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Brides of Idaho
3-in-1 Historical Romance Collection
By Linda Ford
Barbour Publishing, Inc.Copyright © 2011 Linda Ford
All rights reserved.
Bonners Ferry, Idaho, during the Kootenai gold rush, Spring 1864
His name was Levi. Levi Powers. Twenty-six years of age. A man intent on fulfilling his vow. He pulled to a halt in front of the saloon, tugged his worn cowboy hat low on his head, and swung from the back of his mount, landing neatly on his feet. This was where he intended to start.
His boots thudded on the wooden sidewalk in front of the swinging doors. He strode inside, grabbed a chair, stood on it, and called, "Would you care to put away your whiskey and cards for a few minutes and hear from God's Word?"
The place grew quiet. Deadly quiet. Then several tipped chairs dropped to all fours with the crack of a rifle shot.
He studied each and every face. The hardened men, the eager boys who probably shaved once a week, the anxious greenhorns, and —
He stared. A woman. A young woman. A very pretty young woman who flashed him a bold grin. Not the sort of woman who frequented saloons. No tight, revealing bodice. No rouged cheeks. From what he could see as she sat behind a table, she wore a tanned leather vest. A battered cowboy hat hung down her back. Her sorrel-colored hair was bound in a braid as thick as a woman's wrist.
He jerked his gaze away, but three faces away it returned to her. She leaned her elbows on the table and regarded him as steadily as he did her. Not the least bit ladylike at all. And yet ... yet ... he felt trapped by her insolent beauty.
What was she doing in here? What sort of town opened its saloon to women? Apart from the usual crude types? Right then and there he knew he had his job cut out for him.
He forced his attention away from her, angled his body so he wasn't able to look directly at her, and opened the Bible. He had long thought about the words he would say when he found the place where he would start his work. And yet he paused, momentarily forgetting his plan.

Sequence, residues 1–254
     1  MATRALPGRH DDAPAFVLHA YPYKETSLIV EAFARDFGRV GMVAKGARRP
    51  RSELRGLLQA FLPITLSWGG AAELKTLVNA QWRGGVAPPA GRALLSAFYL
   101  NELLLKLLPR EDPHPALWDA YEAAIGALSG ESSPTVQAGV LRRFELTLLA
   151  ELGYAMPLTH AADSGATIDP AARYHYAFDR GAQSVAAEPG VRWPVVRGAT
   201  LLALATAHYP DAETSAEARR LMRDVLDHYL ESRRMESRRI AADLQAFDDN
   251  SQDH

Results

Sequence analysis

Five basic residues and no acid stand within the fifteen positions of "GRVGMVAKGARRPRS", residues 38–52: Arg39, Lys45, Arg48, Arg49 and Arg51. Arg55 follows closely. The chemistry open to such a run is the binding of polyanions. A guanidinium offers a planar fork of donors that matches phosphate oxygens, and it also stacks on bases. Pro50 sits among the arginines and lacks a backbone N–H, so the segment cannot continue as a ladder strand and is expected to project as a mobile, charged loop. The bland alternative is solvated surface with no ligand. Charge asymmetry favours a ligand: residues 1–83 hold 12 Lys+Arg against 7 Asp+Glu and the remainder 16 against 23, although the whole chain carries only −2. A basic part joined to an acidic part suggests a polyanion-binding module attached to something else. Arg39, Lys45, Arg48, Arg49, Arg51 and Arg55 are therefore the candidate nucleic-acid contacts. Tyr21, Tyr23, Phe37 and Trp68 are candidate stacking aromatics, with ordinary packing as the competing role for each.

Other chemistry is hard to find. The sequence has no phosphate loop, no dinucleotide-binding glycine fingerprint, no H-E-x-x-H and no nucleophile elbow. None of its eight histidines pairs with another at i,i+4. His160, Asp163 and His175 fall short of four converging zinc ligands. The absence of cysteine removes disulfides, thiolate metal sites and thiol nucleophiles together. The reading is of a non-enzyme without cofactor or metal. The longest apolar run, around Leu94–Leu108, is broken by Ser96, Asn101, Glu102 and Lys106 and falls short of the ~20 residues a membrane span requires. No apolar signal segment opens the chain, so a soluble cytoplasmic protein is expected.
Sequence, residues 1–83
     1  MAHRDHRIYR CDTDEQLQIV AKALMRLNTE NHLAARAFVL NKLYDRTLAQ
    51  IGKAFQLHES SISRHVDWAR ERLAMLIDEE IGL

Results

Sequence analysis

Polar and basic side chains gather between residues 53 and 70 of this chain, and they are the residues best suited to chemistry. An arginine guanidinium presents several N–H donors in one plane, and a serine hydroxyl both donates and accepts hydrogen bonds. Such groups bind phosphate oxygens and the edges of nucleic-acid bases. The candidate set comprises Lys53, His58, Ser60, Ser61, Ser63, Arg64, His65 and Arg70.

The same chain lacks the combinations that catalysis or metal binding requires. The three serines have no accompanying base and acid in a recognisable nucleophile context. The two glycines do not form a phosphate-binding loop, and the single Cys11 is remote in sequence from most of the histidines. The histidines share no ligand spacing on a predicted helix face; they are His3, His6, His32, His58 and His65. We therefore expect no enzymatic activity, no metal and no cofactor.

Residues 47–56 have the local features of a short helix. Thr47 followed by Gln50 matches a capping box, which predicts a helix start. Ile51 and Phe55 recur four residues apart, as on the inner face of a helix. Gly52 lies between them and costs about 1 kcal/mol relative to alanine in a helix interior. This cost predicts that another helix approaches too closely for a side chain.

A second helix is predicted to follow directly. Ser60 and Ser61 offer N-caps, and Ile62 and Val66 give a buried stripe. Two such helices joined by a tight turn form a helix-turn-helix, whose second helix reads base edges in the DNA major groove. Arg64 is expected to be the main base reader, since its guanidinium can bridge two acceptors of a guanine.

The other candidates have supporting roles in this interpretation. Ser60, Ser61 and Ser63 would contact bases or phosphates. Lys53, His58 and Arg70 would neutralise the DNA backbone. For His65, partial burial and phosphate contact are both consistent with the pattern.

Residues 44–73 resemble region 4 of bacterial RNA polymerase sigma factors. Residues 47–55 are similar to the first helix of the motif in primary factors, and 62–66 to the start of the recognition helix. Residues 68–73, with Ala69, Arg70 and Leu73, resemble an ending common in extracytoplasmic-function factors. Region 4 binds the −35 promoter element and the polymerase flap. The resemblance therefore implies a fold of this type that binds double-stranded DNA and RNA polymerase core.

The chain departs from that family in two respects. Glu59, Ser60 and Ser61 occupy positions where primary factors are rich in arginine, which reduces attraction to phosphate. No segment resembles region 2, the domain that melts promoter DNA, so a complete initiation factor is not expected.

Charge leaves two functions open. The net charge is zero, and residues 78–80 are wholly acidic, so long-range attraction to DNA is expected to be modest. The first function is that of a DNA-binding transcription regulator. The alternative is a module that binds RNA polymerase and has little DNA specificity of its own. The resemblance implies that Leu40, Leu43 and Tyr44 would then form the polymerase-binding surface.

Thankfully, the pages fell open at the chosen place. "I'm reading from the Gospel of John, chapter ten, verse ten, where Jesus says, 'I am come that they might have life, and that they might have it more abundantly.' My name is Levi Powers, and I am here to tell you about this abundant life Jesus offers. I'll be available anytime, day or night, if you want to talk. Otherwise, I will be walking the streets, stopping where I see people and telling them the good news. And Sundays, I'll hold services."
One bleary-eyed patron raised a hand. "Mister Preacher, where you gonna hold these here services? Ain't no church." He gave what Levi expected was supposed to be a laugh, but it sounded more like a choked sigh.
"I'll preach in a field until I find suitable quarters for a church." He closed his Bible, signifying he was done.
The room was quiet. Someone coughed. Slowly the noise grew, though not to the deafening level it had been when he stepped inside. He understood his presence made some of them uncomfortable, and he strode toward the door, allowing his gaze to slide to the woman, rest there only a second before he schooled it away. Not the sort of woman a preacher man should be admiring.
She nodded briefly as if acknowledging his thoughts then pushed her chair back and rose.
He hurried out. Heard her booted feet following and waited for her on the rough-board walk.
She dragged a half-drunk man at her side who staggered wildly when she drew up to give Levi an insolent stare.
"Ma'am." He suddenly didn't know what to say, but he hadn't come here to run from challenges of any kind. "Sort of surprised to see a lady in the saloon." He was even more surprised she wore form-fitting, faded brown britches. He shifted his gaze upward, crashed into her gaze. Her eyes impaled him. Light brown, almost golden. Hard to look at. Impossible to pull away from.
She leaned back on her heels and hooked her thumbs through her belt loops. "Did you?"
"Did I what?"
"See a lady." She didn't wait for his reply. "I don't claim to be a lady. I do what suits me without regard for silly rules."
"I see." Though in truth he didn't. What rules did she consider silly? Her words had the same ringing tone Matthew's voice carried as he rode away from their grandparents' farm and straight into trouble. He perceived she was another rebel. This was confirmation of his calling to this town. This woman needed redemption for sure.